Sea Snail (Fresh)
Sea Snail, Conch, Gastropod
Traditional Chinese Name:
This is a cooling and sweet ingredient.
Another one of those ingredients that you don’t really see in soups growing up as a child – unless you happen to eat it, which our family did not. It’s actually just as common to use the dried sea snail in soups (which are said to be more flavorful). The meat itself doesn’t have much flavor, but like pork shank or pork bones, simply dip in a bit of high quality soy sauce and it’s pretty delicious. The one thing I discovered while on my soup making adventure is that some ingredients cost a fortune! So while some soups can eat out of your pocket, there are many that are economical. Yes, that’s the concept of all Chinese cuisine right?
Just like all seafood, the conch is a cooling ingredient across the Traditional Chinese Medicine spectrum.
How do I prepare it?
- I talk about how to prepare this ingredient in the soup “Recovery Herbal Soup”. I’ve used both dried and frozen conch here, so great references if you’re looking to use this in your own soups!
- To prepare the dried conch, simply soak in cool water until it soften, or you can drop directly into boiling soup water.
- For fresh conch, I will definitely blanch them and give them a little scrub-a-dub before using them in soups. The opportunity here is that fresh or frozen conch also make amazing side dishes (that could parallel abalone, I’d say) when dipped with soy sauce!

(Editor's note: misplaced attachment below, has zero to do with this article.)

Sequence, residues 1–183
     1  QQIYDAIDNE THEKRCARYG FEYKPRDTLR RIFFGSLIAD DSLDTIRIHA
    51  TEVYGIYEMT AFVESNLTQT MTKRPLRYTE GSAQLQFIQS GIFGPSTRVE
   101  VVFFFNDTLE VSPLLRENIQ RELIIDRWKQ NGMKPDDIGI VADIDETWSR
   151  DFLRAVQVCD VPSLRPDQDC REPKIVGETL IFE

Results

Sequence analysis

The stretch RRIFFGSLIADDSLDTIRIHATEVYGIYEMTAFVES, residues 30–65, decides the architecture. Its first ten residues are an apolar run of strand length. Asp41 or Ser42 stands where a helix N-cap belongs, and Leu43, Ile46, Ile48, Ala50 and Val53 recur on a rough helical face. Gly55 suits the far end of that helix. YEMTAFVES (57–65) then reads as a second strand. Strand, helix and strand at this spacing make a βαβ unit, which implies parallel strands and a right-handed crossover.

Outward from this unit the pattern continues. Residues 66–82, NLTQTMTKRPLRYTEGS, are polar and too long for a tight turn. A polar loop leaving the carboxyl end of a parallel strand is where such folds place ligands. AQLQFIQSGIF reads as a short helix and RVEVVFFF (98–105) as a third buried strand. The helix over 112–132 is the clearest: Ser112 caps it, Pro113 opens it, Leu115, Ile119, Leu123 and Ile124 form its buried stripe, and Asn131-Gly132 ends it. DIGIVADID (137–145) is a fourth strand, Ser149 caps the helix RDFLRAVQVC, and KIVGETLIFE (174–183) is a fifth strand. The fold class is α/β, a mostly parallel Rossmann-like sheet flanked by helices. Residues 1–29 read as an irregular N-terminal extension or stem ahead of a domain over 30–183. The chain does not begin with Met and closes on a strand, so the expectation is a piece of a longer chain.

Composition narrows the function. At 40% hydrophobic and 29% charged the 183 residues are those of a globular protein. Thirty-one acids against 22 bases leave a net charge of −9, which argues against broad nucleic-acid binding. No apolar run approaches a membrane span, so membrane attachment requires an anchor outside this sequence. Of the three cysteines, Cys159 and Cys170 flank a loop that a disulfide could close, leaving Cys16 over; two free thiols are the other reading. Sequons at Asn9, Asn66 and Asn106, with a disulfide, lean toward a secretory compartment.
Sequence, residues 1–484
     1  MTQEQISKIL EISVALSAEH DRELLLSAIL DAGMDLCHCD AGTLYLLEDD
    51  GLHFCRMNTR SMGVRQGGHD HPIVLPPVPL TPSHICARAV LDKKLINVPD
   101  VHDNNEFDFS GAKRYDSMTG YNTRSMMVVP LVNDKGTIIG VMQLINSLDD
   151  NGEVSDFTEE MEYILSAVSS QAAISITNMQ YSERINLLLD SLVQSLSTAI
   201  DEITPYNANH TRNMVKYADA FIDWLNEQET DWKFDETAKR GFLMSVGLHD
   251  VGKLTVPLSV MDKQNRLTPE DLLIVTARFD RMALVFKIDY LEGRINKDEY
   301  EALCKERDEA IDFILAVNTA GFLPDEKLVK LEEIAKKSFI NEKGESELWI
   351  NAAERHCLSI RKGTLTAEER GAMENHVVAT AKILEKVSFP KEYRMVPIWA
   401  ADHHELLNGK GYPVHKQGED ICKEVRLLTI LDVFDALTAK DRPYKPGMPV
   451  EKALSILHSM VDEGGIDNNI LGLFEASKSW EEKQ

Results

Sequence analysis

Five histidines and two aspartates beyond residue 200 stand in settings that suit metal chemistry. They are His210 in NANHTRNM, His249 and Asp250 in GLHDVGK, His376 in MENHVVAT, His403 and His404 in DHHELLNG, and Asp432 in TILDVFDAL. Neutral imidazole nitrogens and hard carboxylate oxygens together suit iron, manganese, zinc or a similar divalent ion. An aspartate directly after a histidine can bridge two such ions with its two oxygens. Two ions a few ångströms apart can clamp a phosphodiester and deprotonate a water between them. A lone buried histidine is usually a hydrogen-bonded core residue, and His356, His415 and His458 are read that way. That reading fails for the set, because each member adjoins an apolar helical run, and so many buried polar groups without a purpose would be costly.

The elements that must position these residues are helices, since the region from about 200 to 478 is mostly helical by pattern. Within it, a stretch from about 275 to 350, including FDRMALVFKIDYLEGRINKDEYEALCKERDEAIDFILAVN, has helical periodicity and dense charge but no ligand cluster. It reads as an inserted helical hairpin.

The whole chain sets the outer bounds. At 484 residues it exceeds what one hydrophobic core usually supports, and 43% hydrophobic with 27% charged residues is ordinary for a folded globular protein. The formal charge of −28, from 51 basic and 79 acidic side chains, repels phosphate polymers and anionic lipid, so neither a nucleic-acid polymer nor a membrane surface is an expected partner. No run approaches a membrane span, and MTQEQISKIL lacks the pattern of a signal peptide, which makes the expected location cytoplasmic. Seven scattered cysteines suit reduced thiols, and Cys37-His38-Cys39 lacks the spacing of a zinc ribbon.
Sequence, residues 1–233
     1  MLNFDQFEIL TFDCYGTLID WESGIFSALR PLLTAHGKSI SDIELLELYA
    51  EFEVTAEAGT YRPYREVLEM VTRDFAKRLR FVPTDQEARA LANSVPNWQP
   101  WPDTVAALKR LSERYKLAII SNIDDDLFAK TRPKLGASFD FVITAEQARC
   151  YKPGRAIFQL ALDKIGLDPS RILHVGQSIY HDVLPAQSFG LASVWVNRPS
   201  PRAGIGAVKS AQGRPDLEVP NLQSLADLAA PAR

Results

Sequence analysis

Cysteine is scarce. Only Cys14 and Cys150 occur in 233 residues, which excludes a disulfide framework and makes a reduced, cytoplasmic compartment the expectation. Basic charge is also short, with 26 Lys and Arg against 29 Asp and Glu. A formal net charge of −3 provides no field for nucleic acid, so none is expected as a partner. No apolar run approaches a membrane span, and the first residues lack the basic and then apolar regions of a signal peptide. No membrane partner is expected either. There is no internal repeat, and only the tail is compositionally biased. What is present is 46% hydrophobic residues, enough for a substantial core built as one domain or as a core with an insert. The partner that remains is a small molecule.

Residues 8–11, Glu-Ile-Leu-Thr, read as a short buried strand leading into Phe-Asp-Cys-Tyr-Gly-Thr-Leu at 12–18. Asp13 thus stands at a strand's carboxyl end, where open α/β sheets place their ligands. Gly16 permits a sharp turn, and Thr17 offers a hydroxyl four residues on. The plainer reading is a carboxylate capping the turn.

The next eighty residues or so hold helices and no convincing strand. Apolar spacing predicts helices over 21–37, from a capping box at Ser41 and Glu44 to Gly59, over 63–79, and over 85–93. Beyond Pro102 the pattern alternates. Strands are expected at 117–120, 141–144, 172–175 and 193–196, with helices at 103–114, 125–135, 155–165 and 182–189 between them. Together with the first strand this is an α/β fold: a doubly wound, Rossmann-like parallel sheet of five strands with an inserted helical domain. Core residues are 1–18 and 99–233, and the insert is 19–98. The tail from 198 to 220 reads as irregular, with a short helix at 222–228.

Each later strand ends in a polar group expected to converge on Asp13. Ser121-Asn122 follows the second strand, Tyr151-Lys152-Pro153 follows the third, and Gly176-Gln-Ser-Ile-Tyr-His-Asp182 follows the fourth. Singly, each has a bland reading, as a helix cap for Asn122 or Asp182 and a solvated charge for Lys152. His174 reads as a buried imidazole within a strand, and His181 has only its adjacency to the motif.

Where can I buy it and cost?
- You can buy fresh conch at most Asian supermarkets (they reside in the live tanks in Chinese supermarkets)
- Frozen conch is definitely available in the frozen sections and cost for 1 conch is about $12 CAD
- Fresh sea snail or conch costs around $100-120 HKD in wet marts depending on size and breed
- Did you know that abalone is actually a type of sea snail? These are the expensive kinds!
- Sea snails are great additions to soup as the add that little bit of salty, seafood flavour and compliment the main protein quite nicely (such as chicken and pork)
- Great protein that is low in fat
- You can eat them as part of the meal. I’ll usually cook it as a whole and then remove from the soup and slice it up to be served before service.
- According to Traditional Chinese medicine, sea snails are nourish the Yin and the kidneys and to improve eyesight
Be sure to thoroughly clean fresh conch or sea snail before boiling them
- If you’re buying them whole, you may need to crack the shell yourself (but the seafood vendor may also do it in Asian supermarkets and wet marts)
- You’ll want to only keep the centre, fleshy part of the conch (not the ends or guts or stomach) as the primary portion to consume, but actually all of the conch is edible
Looking to build your basic Chinese Soup Pantry?
Check it out in my video to learn more!
Hi Lady Tong, loved your website. You surely go to great lengths to explain each ingredient used in your recipes. Have never seen one like yours. Keep on keeping on. Really appreciate your work. : D
Just wanted to know if i can substitute the fresh snail with abalone? Can I use the can type – abalone? It is quite difficult to get fresh sea snail even frozen ones.
Dear Siew May, for sure! Abalone and fresh snail produce very similar tastes in the soup and are interchangeable. The only difference is price 🙂 And how you prep it! But for sure! Good luck and thank you for all your supporting words. It’s been a long learning journey for me getting things translated and constantly badgering the wet mart ladies on what this is and what that is and how to cook things! There are just so many options! Thanks for following! Lisa